Farmeco 2015;16(3)77-86.html

Farmeconomia. Health economics and therapeutic pathways 2015; 16(3): 77-86

Original research

Comparison between traditional and goal directed perfusion in cardiopulmonary by-pass. A differential cost analysis in US

Massimiliano Povero 1, Lorenzo Pradelli 1

1 AdRes Health Economic and Outcome Research, Torino, Italy


OBJECTIVES: High oxygen delivery (DO2) during cardiopulmonary bypass (CPB) is associated with better renal outcome in cardiac surgery. Traditional perfusion (TP) techniques, targeted on body surface area and CPB temperature, achieves high DO2 in about 50% of the cases while a goal directed perfusion (GDP) approach can lead to more than 90% of cases achieving high DO2 with a consequent reduction in Acute Kidney Injury (AKI) rate of about 40%. Aim of this study is to perform an economic evaluation of GDP strategy with respect to TP in US. METHODS: A Discrete Event Simulation model was developed to compare TP and GDP strategy in patients undergoing CPB. The patient’s pathways from operation to discharging from hospital was simulated: AKI incidence, in-hospital mortality, hospital length of stay, transfusions were correlated to probability to achieve high DO2 target using published correlations. National perspective was adopted to calculate costs associated to each event while GDP strategy was exploited the introduction of Sorin Heartlink (HL) Card/GDP Card and Sorin Connect (electronic data management system). RESULTS: GDP strategy saved more than 3 days in hospital and 11% of AKI episodes. The cost-saving is $ 3,137 (95% CI: 1,122-4,951); the cost of HL Card/GDP Card+Connect ($ 180, 95% CI: 113-249) is more than offset by savings in hospital stay that result the main driver in cost ($ 3,222, 95% CI: 1,235-4,950). Deterministic sensitivity analysis shows that the total savings are mainly influenced by nadir haematocrit during CPB and hospital LOS/cost per day both in ICU and in ward. CONCLUSIONS: GDP seems to improve significantly the main outcomes related to CPB surgery, when compared to TP techniques. Additional costs due to perform GDP strategy have no impact on the total cost since completely offset by the savings in hospital cost.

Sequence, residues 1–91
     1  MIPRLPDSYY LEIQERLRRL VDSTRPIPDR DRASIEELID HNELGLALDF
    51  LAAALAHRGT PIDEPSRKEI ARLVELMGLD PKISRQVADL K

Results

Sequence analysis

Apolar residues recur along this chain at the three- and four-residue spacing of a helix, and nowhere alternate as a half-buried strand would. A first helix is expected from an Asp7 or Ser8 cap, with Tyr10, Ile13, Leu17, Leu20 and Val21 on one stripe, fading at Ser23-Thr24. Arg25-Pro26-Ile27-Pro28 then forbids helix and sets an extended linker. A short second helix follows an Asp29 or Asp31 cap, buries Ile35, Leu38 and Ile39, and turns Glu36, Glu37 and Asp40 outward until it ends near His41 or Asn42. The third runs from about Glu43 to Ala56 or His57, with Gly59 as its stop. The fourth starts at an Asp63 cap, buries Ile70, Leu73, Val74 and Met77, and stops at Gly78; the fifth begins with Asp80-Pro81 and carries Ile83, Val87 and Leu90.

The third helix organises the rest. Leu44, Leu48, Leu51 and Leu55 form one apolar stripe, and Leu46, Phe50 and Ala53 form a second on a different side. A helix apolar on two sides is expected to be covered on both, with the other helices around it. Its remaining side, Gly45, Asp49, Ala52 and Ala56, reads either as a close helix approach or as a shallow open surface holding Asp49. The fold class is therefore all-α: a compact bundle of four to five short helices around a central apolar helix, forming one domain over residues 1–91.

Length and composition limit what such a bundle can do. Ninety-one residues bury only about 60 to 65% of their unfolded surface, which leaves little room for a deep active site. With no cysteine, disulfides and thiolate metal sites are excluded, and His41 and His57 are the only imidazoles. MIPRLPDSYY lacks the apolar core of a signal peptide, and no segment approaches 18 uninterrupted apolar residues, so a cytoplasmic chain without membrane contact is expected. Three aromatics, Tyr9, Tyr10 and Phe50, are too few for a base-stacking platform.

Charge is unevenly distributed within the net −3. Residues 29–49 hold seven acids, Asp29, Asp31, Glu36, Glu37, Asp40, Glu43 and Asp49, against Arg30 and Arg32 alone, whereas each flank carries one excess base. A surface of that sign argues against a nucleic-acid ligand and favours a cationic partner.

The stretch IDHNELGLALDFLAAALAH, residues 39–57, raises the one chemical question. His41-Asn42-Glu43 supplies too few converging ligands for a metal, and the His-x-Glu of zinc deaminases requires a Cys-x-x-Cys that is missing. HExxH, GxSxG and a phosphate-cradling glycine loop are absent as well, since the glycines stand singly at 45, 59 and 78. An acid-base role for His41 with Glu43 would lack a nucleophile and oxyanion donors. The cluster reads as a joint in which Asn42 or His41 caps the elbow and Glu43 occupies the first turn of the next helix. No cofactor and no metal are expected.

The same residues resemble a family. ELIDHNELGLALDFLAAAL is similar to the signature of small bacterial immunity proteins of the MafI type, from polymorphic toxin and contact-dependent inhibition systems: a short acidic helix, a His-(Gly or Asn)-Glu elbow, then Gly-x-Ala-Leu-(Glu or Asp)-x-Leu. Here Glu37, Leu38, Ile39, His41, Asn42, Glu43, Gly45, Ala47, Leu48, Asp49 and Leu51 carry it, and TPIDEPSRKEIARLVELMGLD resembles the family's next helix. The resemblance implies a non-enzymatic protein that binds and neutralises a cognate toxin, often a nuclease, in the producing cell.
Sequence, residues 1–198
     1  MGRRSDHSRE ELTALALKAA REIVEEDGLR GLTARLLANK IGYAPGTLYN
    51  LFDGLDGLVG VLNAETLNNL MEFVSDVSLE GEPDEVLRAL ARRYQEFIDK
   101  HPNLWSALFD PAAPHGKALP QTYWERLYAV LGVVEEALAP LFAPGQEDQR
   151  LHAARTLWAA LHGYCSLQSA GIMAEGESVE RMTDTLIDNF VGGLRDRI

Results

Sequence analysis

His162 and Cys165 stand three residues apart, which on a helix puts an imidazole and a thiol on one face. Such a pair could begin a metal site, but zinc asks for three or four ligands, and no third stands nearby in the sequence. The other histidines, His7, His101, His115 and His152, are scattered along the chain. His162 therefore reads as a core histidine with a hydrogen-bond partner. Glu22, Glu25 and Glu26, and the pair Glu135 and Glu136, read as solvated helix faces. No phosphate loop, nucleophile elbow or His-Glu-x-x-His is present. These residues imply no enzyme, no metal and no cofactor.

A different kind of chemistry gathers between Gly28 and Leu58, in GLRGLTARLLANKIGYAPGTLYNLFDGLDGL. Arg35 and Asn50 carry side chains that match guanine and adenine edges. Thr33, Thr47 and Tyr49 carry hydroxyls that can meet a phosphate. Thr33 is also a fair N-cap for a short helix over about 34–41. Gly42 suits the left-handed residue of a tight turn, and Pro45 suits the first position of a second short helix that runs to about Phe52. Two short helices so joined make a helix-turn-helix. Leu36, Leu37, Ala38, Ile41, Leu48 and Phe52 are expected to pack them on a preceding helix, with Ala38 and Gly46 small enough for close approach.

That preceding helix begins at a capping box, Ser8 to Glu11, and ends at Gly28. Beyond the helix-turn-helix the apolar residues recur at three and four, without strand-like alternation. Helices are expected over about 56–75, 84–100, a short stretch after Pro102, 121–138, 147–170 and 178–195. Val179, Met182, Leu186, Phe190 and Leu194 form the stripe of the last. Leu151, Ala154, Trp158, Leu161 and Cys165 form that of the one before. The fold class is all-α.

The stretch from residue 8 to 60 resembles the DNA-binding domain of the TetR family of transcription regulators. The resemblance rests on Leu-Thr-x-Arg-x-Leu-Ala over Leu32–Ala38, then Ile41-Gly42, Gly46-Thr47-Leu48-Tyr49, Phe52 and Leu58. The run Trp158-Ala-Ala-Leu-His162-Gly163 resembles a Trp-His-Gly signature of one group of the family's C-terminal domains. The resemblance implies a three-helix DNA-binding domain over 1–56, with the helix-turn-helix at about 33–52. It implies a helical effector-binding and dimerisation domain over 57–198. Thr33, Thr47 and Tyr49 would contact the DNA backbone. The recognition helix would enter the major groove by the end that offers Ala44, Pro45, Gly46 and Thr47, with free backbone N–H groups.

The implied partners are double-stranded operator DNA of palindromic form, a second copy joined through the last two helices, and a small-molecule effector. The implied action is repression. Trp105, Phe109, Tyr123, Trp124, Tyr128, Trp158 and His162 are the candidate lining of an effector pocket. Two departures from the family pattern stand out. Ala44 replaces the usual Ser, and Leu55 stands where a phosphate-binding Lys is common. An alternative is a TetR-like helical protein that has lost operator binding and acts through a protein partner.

Cardiopulmonary bypass; Traditional perfusion; Goal directed perfusion

Corresponding author

Massimiliano Povero


This study was funded by Sorin Group.


Oxygen delivery (DO2) and carbon dioxide production (VCO2) during cardiopulmonary bypass (CPB) are associated with renal outcome in cardiac surgery [1,2]. Nadir DO2 below the threshold of 262-272 ml/min/m2 and DO2/VCO2 ratio lower than 5.0 are linked to an increased incidence of acute kidney injury (AKI) after cardiac operations [1].

Data collected in [2] shows that 693 patients reached the DO2 target among 1,048 patients undergoing CPB with a traditional perfusion strategy. Such patients were divided in two groups according to HCT level; as anticipated by physiology (see Appendix A), results show that the probability to achieve the DO2 goal resulted higher among patients with HCT> 26% (640 of 753 patients) than in patients with HCT< 26% (53 of 293 patients).

Sorin HeartLinkTM is the first and unique perfusion system automatically integrating perfusion data, patient parameters and product information to enable implementation of Goal Directed Perfusion (GDP) adapting adequacy of perfusion to the patient.

Hypothesis of the Goal dIrected perFusion Trial (GIFT) protocol is that a GDP approach can raise this percentage to more than 90% of cases, with a consequent reduction in the AKI rate of about 40% [3].

Aim of this project is to perform an economic evaluation of the consequences of GDP strategy in US, through the construction, validation, and analysis of an ad hoc simulation model based on estimation of goal-achievement rate (DO2 value over the threshold of 272 ml/min/m2) with and without GDP and the correlations between main clinical outcomes (AKI incidence, in-hospital mortality, hospital length of stay, transfusions) and DO2 over the critical threshold. All possible patient pathways during the peri- and post-operative period were considered in order to estimate management of adverse events, hospital stay and related resource consumption costs.


Model structure


Depending on

During CPB surgery

Reaching DO2 target


PRCs transfused


Renal disease (AKI)


AKI needing of RT


In ICU (post-CPB)



PRCs transfused




In ward



Table I. Events evaluated during the simulation

* perfusion strategy (traditional or GDP)

AKI = acute kidney injury; HCT= nadir haematocrit; LOS = length of stay; PRCs = packed red cells

A patient-level simulation model was developed incorporating baseline outcomes rates and comparative efficacy data from published literature, and US hospital cost data.